Thursday, May 23, 2019

SC anti-LGBTQ activist's love of Confederate past comes back to haunt him

Oran Smith
In my lovely state of South Carolina, a long-time anti-LGBTQ activist nearly became executive director of SC's Commissioner of Higher Education. But on Thursday he was passed over and not because of his anti-LGBTQ activism. Another interesting item in his past may have torpedoed his appointment.
Oran Smith, who once edited a neo-Confederate magazine called Southern Partisan, will not become executive director of South Carolina’s Commission on Higher Education, it was announced Thursday. 
The body that oversees the Palmetto State’s colleges and universities announced Thursday that commissioners have chosen Rusty Monhollon to be the commission’s next leader instead. Monhollon is currently an administrator with the Missouri Department of Higher Education.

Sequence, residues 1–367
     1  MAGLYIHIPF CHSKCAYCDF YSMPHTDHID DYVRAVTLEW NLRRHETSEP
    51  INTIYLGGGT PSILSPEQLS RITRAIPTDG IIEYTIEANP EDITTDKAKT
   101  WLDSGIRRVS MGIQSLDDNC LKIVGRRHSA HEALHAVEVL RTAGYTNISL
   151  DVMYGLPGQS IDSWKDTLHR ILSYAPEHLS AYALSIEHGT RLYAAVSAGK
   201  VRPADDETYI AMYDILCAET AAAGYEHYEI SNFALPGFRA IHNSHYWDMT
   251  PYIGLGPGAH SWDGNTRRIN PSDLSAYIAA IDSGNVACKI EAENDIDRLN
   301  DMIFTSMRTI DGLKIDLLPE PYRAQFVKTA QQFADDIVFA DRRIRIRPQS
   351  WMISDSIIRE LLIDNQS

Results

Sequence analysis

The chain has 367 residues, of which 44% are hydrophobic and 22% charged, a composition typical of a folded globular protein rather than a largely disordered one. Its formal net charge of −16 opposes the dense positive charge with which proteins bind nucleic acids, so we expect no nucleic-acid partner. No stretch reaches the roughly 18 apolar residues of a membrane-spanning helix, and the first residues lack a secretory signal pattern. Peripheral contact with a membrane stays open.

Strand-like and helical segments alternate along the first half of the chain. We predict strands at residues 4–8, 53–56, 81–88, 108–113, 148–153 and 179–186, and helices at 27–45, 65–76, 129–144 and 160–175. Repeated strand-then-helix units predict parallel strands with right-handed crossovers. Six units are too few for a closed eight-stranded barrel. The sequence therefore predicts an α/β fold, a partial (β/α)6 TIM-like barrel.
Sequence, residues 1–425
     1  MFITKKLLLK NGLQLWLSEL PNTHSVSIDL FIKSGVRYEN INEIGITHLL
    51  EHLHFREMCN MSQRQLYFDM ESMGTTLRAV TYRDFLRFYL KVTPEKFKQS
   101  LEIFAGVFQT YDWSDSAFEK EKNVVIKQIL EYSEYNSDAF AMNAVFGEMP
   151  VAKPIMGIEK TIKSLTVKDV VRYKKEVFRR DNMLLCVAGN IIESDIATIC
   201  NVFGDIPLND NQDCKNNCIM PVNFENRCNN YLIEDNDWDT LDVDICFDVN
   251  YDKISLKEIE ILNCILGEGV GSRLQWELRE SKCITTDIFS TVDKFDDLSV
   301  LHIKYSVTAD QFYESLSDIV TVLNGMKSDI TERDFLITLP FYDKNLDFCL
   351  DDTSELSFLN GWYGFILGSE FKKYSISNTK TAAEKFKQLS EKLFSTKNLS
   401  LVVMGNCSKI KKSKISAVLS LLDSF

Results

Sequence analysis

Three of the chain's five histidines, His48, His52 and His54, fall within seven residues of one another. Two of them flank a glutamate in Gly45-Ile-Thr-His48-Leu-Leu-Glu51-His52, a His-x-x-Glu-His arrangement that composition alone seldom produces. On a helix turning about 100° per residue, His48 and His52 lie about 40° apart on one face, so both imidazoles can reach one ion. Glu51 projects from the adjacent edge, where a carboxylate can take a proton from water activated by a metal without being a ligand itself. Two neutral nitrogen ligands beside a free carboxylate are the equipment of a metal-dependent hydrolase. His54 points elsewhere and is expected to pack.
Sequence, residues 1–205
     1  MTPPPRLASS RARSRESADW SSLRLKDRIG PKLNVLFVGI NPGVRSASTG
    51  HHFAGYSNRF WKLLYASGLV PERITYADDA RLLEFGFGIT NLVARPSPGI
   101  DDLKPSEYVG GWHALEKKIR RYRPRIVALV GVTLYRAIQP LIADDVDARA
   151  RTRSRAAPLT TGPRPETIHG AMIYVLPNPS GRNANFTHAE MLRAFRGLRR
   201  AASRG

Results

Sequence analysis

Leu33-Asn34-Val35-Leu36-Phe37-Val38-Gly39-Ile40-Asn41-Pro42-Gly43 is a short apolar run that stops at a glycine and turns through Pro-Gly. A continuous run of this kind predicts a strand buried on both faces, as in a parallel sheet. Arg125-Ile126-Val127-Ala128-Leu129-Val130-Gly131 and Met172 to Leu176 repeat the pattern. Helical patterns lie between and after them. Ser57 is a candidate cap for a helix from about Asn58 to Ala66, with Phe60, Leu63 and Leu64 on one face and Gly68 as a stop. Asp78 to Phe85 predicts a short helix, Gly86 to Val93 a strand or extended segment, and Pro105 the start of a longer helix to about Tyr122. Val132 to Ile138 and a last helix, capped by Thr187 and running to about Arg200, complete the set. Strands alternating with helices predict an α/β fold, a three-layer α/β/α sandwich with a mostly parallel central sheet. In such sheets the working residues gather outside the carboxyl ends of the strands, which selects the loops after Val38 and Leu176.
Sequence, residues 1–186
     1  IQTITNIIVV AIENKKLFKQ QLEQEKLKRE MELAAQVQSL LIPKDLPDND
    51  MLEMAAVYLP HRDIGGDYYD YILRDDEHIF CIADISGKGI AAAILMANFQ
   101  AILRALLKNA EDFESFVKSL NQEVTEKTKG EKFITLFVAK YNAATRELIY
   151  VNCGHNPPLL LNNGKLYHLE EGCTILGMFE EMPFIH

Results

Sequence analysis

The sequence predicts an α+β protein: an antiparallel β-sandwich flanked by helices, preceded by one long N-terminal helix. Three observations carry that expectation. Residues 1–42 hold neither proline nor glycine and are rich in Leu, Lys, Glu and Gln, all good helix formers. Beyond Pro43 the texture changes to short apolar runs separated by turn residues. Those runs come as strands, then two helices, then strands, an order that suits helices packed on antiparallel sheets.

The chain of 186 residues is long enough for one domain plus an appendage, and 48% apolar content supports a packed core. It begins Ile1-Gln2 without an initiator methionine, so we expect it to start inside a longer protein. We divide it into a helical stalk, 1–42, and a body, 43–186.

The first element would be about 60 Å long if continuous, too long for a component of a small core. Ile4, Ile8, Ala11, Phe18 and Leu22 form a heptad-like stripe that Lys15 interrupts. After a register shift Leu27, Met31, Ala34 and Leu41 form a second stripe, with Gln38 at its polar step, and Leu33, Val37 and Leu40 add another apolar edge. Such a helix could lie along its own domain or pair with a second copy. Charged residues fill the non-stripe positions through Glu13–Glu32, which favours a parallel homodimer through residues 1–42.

Smith’s bid to lead the commission sparked controversy after The State reported he spent a decade editing a magazine called Southern Partisan, from 1989 to 1999. The Southern Poverty Law Center credits the magazine with jump-starting the “neo-Confederate” movement.

The magazine published articles that defended the South’s secession from the union and cited biblical justifications for slavery. One author published in its pages went on to promote a “white genocide” conspiracy theory that was cited by the Charleston church shooter who killed nine people in a racially-motivated slaying. 
Smith told The State in an interview that his interest in the Civil War was historical, and his views changed after the killings in Charleston’s Emanuel AME Church. He even wrote on op-ed in The State calling for the Confederate flag to be removed from the State House grounds.

For 17 years, Smith was the head of the Palmetto Family Council, one of those noxious so-called pro-family (but actually anti-LGBTQ) groups.  The group was instrumental in banning marriage equality in the state via a 2006 referendum. This was overturned in the 2014 ruling of the Fourth Circuit Court of Appeals in Bostic v. Rainey. In 2015, Clemson Tigers football coach Dabo Swinney disassociated himself from PFC - refusing to attend a banquet sponsored by the group - because of its anti-LGBTQ activism.

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